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When I fail to type correctly a command, for example:

luca@mostro:~$ sido
No command 'sido' found, did you mean:
 Command 'sudo' from package 'sudo' (main)
 Command 'sudo' from package 'sudo-ldap' (universe)
 Command 'sid' from package 'tendra' (universe)
sido: command not found

The command interpreter try to guess what program I wanted to run. This is very annoying to me (I associate it to google behavior).

Is it possible to remove this feature? And how?

I supposed that it were setup in my local ~/.bashrc, but the fast-check failed miserably...

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I personally like this behavior. – nikhil Jun 7 '12 at 9:41
up vote 14 down vote accepted
sudo apt-get remove command-not-found
sudo mv /usr/share/command-not-found /usr/share/command-not-found.bak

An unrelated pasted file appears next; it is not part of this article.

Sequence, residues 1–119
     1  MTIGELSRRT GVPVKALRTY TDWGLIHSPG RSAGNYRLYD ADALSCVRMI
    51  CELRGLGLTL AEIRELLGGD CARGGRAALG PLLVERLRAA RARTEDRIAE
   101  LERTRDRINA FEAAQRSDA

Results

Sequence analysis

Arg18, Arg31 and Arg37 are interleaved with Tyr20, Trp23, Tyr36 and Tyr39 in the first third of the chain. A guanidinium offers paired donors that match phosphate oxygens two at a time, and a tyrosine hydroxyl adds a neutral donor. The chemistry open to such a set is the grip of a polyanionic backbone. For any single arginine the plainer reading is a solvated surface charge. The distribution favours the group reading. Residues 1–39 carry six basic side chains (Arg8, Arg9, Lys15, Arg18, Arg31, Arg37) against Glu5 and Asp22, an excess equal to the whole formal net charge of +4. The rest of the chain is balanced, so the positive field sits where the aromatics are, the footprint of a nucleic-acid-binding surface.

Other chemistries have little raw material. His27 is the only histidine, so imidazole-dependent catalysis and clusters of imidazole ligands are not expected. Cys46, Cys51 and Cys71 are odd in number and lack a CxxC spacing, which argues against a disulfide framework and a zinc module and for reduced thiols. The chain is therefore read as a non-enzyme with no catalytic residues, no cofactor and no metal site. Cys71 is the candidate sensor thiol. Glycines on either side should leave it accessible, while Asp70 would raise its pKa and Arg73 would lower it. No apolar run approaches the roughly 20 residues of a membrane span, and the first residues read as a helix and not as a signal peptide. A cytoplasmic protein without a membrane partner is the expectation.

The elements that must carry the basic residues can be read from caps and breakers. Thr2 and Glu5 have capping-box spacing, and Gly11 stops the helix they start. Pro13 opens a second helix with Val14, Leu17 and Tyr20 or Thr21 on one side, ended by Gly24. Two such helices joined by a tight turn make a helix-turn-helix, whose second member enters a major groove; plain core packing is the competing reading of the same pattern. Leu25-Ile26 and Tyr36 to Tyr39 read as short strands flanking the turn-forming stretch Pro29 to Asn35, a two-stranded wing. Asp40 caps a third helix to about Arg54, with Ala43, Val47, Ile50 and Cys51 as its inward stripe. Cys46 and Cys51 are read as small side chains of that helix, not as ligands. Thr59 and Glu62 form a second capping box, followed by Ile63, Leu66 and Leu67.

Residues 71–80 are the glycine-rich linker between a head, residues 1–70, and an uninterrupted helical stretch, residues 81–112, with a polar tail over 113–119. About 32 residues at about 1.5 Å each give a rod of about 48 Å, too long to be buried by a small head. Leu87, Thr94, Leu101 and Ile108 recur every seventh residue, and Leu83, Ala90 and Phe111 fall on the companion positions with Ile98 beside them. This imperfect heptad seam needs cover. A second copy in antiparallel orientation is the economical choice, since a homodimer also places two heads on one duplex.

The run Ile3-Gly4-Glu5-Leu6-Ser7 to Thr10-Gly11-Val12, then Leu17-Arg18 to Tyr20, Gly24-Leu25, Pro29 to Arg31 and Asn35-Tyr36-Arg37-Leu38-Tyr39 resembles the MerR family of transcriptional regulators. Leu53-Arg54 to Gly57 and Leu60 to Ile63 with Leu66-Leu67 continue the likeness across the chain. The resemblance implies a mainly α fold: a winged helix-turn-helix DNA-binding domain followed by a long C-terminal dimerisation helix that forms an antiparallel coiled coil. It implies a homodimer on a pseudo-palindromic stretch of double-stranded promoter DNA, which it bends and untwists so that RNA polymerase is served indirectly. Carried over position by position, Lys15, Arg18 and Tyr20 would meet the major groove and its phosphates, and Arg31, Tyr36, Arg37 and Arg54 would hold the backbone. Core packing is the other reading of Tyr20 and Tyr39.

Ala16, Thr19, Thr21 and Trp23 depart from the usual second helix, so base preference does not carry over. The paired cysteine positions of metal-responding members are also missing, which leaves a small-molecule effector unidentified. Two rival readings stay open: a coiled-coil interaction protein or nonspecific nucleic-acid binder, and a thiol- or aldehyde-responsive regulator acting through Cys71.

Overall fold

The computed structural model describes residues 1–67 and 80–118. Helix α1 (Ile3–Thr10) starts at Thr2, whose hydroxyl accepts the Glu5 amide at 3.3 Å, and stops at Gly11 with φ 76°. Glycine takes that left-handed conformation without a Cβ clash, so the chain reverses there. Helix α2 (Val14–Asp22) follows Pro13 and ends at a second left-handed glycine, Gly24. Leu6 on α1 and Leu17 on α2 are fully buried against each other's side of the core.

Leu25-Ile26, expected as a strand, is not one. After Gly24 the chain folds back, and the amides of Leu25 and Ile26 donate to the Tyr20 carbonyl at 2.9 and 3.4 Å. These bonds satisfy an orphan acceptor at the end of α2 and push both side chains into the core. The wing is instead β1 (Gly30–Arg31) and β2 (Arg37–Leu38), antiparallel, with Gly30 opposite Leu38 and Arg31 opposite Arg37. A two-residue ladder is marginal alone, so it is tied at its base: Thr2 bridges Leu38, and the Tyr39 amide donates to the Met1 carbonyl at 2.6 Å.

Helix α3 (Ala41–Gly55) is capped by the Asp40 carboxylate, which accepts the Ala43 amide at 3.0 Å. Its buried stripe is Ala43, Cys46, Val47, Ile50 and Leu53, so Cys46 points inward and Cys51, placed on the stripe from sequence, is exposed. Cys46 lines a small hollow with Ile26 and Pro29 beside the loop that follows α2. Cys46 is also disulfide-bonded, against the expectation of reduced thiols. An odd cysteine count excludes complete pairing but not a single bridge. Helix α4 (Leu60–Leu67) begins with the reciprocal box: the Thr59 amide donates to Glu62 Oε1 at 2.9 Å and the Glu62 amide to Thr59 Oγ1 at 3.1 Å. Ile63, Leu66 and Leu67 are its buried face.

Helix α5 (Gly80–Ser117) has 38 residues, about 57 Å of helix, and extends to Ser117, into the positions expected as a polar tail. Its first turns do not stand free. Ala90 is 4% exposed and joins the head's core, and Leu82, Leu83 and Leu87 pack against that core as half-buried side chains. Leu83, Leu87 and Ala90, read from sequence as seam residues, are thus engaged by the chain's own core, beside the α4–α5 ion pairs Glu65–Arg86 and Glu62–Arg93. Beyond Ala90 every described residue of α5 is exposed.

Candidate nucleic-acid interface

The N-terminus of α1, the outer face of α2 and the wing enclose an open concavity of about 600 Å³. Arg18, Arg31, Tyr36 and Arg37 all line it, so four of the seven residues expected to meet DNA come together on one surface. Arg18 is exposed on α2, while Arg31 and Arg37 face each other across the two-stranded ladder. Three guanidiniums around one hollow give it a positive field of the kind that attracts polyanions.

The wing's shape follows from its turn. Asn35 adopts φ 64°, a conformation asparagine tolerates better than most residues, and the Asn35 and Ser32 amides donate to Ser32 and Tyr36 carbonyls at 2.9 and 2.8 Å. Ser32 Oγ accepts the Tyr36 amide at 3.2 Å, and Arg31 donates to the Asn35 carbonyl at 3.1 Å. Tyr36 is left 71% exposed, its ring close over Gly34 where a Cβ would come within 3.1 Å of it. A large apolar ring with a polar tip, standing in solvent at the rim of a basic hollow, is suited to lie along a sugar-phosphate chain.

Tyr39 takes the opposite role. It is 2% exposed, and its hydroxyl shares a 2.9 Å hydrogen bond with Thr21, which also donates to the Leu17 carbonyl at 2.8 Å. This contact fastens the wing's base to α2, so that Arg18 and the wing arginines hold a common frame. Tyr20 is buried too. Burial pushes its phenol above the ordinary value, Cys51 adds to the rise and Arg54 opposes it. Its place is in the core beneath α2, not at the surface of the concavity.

You need to restart your shell for the change to take affect.

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Thank you. I feel more comfortable now. – Luca Jun 4 '12 at 21:05
Don't move things around under /usr that belong to packages. In the case of /usr/share/command-not-found, that directory belongs to the command-not-found-data package. Now your package manager will be confused. – ruief Aug 30 '15 at 23:00
sudo apt-get remove command-not-found command-not-found-data

Contrary to the other answer, you should not manually move things around under /usr unless you're trying to defenestrate your package manager.

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